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December 4, 2017

Five Life Sciences Researchers Win Breakthrough Prizes Totaling $15M

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    2018 Breakthrough Prize in Life Sciences was awarded to five life science researchers.

    Five life sciences researchers were honored last night as winners of the 2018 Breakthrough Prize in Life Sciences.

    The Breakthrough Prize in Life Sciences honors “transformative” advances toward understanding living systems and extending human life. One prize is dedicated to work that contributes to the understanding of neurological diseases.

    Prizes of $3 million each were presented to:

    Joanne Chory, Ph.D., of Salk Institute for Biological Studies, and Howard Hughes Medical Institute, for discovering the molecular mechanisms by which plants extract information from light and shade to modify their programs of shoot and leaf growth in the photosynthetic harvest of light.

    Don W. Cleveland, Ph.D., of the Ludwig Institute for Cancer Research at University of California, San Diego, for elucidating the molecular pathogenesis of a type of inherited amyotrophic lateral sclerosis (ALS), including the role of glia in neurodegeneration, and for establishing antisense oligonucleotide therapy in animal models of ALS and Huntington disease.

    Kazutoshi Mori, Ph.D., of Kyoto University, for elucidating the unfolded protein response, a cellular quality-control system that detects disease-causing unfolded proteins and directs cells to take corrective measures.

    Kim Nasmyth, Ph.D., of the University of Oxford, for elucidating the sophisticated mechanism that mediates the perilous separation of duplicated chromosomes during cell division and thereby prevents genetic diseases such as cancer.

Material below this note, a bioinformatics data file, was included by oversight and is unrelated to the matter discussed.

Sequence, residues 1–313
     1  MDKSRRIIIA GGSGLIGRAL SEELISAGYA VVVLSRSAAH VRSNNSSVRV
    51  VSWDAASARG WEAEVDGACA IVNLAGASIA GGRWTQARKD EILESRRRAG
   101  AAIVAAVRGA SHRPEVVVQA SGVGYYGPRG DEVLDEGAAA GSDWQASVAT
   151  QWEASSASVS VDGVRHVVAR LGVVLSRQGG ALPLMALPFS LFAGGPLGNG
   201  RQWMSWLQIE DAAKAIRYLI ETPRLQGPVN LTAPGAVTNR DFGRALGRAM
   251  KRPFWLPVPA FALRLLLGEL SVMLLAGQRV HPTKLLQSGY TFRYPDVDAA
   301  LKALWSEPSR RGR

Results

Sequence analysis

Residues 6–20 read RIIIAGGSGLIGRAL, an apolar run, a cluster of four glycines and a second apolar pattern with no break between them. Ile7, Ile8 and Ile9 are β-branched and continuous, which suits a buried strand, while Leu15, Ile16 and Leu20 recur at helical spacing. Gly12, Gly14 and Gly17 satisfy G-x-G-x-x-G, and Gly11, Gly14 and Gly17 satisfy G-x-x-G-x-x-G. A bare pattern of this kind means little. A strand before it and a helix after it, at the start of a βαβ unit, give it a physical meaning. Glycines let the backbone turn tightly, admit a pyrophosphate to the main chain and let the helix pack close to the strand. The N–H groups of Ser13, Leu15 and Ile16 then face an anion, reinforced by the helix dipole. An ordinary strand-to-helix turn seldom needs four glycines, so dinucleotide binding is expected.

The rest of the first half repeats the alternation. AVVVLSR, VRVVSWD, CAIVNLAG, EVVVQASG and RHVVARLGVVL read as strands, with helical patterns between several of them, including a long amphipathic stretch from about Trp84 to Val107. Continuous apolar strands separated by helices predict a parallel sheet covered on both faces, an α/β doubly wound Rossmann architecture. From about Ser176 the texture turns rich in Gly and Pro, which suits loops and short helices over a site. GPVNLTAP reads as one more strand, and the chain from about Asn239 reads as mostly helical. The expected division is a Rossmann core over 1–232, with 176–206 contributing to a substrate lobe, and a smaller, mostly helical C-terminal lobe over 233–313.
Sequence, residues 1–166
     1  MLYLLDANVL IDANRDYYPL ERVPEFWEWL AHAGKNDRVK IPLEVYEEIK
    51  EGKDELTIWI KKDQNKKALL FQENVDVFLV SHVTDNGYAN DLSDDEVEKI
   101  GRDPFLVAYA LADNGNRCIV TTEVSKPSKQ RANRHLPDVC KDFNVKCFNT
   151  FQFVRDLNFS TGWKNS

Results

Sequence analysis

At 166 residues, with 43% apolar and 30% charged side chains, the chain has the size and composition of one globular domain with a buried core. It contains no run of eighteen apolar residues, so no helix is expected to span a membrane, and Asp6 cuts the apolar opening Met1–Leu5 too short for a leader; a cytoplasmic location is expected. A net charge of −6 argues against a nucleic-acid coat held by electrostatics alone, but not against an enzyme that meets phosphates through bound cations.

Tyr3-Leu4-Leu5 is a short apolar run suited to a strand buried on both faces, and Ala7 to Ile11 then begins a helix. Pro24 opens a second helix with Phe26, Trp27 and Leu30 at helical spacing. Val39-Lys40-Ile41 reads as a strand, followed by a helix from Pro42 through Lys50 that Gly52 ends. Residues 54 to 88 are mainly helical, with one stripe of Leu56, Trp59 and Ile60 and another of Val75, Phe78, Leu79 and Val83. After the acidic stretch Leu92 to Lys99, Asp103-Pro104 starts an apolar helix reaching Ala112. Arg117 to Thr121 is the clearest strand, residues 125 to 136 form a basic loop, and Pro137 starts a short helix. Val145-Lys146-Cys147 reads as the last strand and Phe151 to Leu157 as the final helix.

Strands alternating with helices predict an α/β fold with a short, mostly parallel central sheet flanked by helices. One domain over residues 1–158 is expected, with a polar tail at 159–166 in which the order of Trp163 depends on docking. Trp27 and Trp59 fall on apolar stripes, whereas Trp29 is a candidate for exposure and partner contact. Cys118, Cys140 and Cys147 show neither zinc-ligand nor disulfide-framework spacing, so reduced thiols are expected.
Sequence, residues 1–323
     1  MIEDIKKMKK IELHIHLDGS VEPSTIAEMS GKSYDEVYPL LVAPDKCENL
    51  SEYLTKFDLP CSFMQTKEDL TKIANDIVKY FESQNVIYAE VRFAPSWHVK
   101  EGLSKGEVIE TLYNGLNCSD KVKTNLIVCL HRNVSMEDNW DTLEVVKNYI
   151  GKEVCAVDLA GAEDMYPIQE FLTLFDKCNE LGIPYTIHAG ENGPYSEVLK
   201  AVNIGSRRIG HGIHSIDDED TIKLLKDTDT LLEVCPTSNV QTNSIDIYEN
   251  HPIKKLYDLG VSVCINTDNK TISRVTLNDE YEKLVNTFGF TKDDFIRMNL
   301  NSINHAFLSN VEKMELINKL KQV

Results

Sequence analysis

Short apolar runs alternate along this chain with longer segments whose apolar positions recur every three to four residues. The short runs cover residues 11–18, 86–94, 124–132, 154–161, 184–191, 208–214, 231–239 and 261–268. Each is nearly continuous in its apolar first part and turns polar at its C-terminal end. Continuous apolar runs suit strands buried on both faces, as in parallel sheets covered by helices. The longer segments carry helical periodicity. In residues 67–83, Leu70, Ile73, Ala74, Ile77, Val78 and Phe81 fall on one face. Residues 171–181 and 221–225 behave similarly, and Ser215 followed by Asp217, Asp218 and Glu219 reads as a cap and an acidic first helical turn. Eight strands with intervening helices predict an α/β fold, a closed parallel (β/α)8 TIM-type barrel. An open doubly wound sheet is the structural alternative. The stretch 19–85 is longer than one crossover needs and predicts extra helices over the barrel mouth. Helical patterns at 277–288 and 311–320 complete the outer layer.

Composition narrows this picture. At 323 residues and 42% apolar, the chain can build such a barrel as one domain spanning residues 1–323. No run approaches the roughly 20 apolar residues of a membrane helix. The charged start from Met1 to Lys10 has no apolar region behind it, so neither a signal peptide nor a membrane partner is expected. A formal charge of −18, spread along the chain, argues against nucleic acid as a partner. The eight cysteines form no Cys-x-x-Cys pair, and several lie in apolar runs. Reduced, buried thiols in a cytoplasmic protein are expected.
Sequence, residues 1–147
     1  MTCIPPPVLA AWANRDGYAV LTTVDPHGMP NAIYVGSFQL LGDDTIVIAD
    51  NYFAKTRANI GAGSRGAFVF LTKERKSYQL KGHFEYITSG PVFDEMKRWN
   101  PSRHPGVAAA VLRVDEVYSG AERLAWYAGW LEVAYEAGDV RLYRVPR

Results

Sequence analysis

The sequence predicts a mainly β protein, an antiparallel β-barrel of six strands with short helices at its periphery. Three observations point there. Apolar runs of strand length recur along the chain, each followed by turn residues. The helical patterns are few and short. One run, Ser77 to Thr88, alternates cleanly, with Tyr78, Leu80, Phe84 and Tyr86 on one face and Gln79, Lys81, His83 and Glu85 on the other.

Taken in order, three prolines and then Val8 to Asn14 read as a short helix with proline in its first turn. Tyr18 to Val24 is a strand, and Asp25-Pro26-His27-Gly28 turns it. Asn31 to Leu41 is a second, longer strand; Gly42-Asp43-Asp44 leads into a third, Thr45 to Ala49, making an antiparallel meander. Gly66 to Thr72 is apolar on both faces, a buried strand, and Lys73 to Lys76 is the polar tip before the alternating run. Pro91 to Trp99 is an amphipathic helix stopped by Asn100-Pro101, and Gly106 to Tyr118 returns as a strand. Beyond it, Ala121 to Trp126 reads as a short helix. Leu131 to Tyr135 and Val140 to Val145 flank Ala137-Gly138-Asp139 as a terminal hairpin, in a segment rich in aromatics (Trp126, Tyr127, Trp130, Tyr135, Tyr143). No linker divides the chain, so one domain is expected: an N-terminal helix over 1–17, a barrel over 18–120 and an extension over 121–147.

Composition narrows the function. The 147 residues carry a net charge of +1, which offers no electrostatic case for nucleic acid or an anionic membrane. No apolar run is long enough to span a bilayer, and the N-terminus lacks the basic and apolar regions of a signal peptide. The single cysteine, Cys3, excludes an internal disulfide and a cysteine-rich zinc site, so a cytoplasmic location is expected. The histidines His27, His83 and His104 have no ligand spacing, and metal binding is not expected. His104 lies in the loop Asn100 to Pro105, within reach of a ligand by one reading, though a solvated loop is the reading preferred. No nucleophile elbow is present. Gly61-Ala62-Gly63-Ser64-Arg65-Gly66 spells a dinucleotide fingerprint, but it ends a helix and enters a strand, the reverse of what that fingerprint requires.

Peter Walter, Ph.D., of University of California, San Francisco, and Howard Hughes Medical Institute, for elucidating the unfolded protein response, a cellular quality-control system that detects disease-causing unfolded proteins and directs cells to take corrective measures.

  • Junior Challenge Winner

    Among other winners, 18-year-old Hillary Diane Andales of the Philippines has won the third annual Breakthrough Junior Challenge, a global science video competition designed to inspire creative thinking about fundamental concepts in the life sciences, as well as in physics, and mathematics.

    She will receive $250,000 in educational prizes; her science teacher will receive $50,000, and her school will receive a new fabrication/physics/design/innovation laboratory valued at $100,000, to be designed by and in partnership with Cold Spring Harbor Laboratory.

    Andales triumphed in her second time in the competition. Last year, she was Top Scorer in the Popular Vote, a segment of the contest that allows the public to vote for their favorites online. Andales won a DNA molecular biology laboratory as her school recovered from damage by Typhoon Haiyan in 2013.

    Breakthrough Prize honorees in life sciences and other categories were among winners of a combined $22 million that was awarded at the 6th Annual Breakthrough Prize Awards Ceremony, held at the NASA Ames Research Center in Moffett Field, CA, and televised live on the National Geographic Channel.

    The gala was hosted by Morgan Freeman, with a live performance by Wiz Khalifa and musician Nana Ou-Yang, and presenters that included Mayim Bialik, Lily Collins, Mila Kunis, Ashton Kutcher, Katie Ledecky, Kerry Washington, John Urschel, Miss USA Kára McCullough, and the founders of the Breakthrough Prize.

    “The Breakthrough Prize was created to celebrate the achievements of scientists, physicists, and mathematicians, whose genius help us understand our world and whose advances shape our future,” Facebook founder and CEO Mark Zuckerberg said in a statement. “The world needs their inspiration, and their reminder that even though it doesn’t always feel that way, we are making steady progress toward building a better future for everyone.”

    Zuckerberg and his wife Priscilla Chan, M.D., are among founders of the Breakthrough Prize, along with Google co-founder Sergey Brin; 23andMe CEO and co-founder Anne Wojcicki; technology investor Yuri Milner and his wife Julia Milner; Graydon Carter, who has said he will step down this month as Vanity Fair editor after 25 years; and Pony Ma, the founder, chairman, and CEO of Internet services provider Tencent.

    Since its inception in 2012, the Breakthrough Prize has awarded close to $200 million to honor paradigm-shifting research in life sciences, as well as physics and mathematics.

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